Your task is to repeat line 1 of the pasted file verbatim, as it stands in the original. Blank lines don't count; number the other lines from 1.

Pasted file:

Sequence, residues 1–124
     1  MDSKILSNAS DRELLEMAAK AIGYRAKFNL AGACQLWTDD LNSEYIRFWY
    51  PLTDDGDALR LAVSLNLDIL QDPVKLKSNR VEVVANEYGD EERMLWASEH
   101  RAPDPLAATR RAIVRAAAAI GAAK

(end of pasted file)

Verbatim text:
Sequence, residues 1–124